‘Q. And isn't it a fact that even taking into consideration the ninety days, the sixty days of the agreement and the thirty-day extension period, that the sale in question had been made beyond that ninety-day period? A. That is true, but to a client whom Whitworth was dealing with during the extension period of thirdy days.’
He further testified that at the time of the preparation of the complaint and affidavit for attachment his client made a full disclosure of the facts of the case as set forth in his offer of proof.
The testimony given by respondent's attorney, so far as necessary to this decision, was as follows: ‘That no contract agreement memorandum was produced in writing bearing the signature of the defendant C. D. Lotts, for that period of time which he (Whitworth) claimed a commission, and the court, upon the failure on the part of the plaintiff to produce such a document in writing upon the motion of the attorney for the defendant, dismissed the case, basing the decision upon a violation of the code provision that requires a note or memorandum in writing for the payment of the commission. * * * Our contention now is that the writ of attachment and the complaint are based upon the statement that there was a contract in writing, and on the basis of the fact that he stated that there was a contract in writing, when in truth and in fact he knew there was no contract in writing, he caused a writ of attachment to be issued and caused this money to be tied up and to state a valid cause of action, whereas if he would have alleged the true facts, that there was no contract in writing but it was based upon an oral agreement, that then the complaint would have been subject to a demurrer and would not have been required to go to trial. * * *’
The Municipal Court file which was before the trial court in this cause contains the deposition of Lotts, who denied the conversations alleged in the offer of proof and testified that the purchasers of the property were strangers who were not introduced in him by Whitworth and that Whitworth never notified him, personally or by mail, that he had been negotiating with such purchasers.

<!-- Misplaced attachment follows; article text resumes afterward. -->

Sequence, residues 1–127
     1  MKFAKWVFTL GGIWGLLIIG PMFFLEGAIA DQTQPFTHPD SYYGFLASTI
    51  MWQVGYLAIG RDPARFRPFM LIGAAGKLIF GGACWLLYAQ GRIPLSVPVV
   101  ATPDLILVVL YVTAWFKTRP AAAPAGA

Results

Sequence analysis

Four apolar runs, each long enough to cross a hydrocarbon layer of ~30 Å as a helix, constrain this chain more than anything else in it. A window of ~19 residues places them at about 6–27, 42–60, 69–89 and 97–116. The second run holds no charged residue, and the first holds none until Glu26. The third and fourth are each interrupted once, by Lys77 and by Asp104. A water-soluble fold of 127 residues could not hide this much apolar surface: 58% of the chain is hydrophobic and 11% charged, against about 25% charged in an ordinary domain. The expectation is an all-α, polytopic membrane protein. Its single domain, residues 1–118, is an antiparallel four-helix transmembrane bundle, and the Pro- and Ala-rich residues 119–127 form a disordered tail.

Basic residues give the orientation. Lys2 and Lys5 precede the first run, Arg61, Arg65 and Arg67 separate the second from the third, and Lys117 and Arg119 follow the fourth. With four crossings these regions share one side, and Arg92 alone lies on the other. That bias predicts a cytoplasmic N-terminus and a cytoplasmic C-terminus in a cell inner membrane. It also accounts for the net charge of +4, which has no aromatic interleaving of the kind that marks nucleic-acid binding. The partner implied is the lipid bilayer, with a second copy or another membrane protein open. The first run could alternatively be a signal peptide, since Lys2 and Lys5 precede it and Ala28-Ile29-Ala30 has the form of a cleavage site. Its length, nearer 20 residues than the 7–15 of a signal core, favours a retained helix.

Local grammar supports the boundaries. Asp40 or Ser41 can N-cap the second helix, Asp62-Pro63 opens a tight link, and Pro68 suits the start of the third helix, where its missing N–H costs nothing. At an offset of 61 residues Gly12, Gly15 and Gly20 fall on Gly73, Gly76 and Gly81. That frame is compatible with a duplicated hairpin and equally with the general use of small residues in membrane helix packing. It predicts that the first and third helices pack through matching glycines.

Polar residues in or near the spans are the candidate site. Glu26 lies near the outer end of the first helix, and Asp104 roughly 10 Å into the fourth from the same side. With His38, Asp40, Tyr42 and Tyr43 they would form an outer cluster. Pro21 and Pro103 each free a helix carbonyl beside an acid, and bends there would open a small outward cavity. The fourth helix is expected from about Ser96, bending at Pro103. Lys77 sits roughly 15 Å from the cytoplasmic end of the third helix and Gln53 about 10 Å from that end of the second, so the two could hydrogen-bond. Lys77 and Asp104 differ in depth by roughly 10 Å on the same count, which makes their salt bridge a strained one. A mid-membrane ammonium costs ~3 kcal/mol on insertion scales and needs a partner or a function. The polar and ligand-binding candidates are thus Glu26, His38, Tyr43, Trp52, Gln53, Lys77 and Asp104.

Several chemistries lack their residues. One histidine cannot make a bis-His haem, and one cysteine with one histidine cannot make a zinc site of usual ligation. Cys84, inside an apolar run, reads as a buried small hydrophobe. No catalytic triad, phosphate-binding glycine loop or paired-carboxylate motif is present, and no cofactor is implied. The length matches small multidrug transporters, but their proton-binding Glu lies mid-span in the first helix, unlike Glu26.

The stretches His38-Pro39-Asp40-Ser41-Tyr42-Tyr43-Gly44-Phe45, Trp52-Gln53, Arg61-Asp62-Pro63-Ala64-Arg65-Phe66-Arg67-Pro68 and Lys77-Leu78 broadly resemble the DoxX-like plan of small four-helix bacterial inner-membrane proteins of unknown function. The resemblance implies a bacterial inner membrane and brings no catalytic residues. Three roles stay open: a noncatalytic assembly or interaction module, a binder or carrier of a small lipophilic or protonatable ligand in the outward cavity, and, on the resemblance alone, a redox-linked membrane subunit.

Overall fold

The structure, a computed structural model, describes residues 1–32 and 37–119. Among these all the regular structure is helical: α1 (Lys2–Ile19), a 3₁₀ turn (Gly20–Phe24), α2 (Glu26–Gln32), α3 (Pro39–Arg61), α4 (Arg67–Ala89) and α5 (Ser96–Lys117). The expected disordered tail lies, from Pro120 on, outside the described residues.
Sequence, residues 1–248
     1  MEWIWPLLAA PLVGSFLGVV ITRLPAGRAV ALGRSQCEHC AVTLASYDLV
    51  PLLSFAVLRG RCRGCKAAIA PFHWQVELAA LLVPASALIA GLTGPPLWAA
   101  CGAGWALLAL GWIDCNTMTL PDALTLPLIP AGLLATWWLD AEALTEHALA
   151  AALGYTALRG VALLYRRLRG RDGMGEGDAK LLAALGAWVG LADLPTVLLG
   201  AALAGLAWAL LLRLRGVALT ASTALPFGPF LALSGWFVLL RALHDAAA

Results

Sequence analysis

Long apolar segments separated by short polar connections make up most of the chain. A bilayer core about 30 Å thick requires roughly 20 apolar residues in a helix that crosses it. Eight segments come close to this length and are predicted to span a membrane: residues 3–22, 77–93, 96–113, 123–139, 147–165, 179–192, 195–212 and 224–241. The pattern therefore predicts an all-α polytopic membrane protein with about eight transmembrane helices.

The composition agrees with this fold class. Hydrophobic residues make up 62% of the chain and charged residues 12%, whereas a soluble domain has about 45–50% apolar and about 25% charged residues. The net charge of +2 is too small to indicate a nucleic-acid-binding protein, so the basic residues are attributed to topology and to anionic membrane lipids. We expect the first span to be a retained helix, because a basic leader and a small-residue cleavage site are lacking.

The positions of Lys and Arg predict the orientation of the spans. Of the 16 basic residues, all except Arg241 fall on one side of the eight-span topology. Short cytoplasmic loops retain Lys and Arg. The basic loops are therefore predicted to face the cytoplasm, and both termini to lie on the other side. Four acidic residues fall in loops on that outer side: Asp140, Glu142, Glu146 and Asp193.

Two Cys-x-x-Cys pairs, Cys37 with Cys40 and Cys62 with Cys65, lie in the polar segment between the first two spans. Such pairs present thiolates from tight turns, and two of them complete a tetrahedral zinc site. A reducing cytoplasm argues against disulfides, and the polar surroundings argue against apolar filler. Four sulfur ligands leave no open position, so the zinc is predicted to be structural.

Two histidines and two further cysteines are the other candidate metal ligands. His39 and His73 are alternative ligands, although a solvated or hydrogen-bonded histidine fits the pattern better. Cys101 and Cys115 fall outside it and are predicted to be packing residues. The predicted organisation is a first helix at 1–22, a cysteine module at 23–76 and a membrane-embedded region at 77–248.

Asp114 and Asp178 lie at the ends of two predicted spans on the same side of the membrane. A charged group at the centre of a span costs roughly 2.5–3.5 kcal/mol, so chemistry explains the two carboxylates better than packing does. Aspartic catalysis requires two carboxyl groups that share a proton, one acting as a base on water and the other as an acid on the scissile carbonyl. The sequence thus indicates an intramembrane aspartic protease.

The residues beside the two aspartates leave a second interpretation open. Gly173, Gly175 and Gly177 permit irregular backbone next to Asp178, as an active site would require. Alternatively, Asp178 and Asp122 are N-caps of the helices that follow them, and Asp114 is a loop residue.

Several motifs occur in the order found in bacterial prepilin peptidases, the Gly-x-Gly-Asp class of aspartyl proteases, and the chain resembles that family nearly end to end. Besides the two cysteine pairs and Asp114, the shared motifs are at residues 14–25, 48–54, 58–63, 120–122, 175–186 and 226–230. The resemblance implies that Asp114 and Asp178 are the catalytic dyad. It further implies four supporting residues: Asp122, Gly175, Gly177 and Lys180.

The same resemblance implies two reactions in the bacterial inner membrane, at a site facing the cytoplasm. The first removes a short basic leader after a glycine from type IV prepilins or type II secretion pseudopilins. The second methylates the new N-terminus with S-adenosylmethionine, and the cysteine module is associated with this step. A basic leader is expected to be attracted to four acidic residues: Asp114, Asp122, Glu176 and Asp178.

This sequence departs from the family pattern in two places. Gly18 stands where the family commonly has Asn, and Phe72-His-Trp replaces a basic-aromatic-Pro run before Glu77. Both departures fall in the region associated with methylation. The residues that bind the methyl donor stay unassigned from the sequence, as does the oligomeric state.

In an action for malicious prosecution the burden is upon the plaintiff to establish both malice and lack of probable cause. Citizens State Bank of Long Beach v. Hoffman, 44 Cal.App.2d 854, 857, 113 P.2d 221; Richter v. Neilson, 11 Cal.App.2d 503, 508, 54 P.2d 54. That burden was not sustained by the plaintiff and respondent in this action. In substance, all that respondent established was that the prior action was unsuccessful because the theory of law upon which Whitworth's attorney sought to recover was rejected by the trial judge. This alone is insufficient to establish want of probable cause. 34 Am.Jur. 742. “Probable cause' for the institution of an action does not mean ‘legal cause’ therefor, because, if it did, every plaintiff who failed to recover in his law suit would be liable to an action for malicious prosecution. ‘Probable cause’ has sometimes been defined as ‘reasonable cause’; and in the case of both civil and criminal prosecutions has been further defined to be an honest suspicion or belief on the part of the instigator thereof, founded upon facts sufficiently strong to warrant the average person in believing the charge to be true.' Murdock v. Gerth, 65 Cal.App.2d 170, 178, 179, 150 P.2d 489, 493. Advice of counsel, acted upon in good faith, after a full and fair disclosure of the facts, is a complete defense to the charge that there was no probable cause. Whitworth's attorney testified to facts establishing such defense, and the only evidence to rebut such testimony was the deposition of Lotts, on file in the original municipal court action, to the effect that the alleged conversations referred to in the offer of proof never took place. Whether such conversations actually occurred was not determined in the original suit, nor did respondent offer any evidence of their falsity in the present action. The original cause was disposed of solely on the ground that such conversations, if they took place, afforded no basis for recovery. It must be held, therefore, that such lack of probable cause as is required to support an action for malicious prosecution was not shown in the instant case.
The judgment is reversed.
YORK, P. J., and DORAN, J., concur.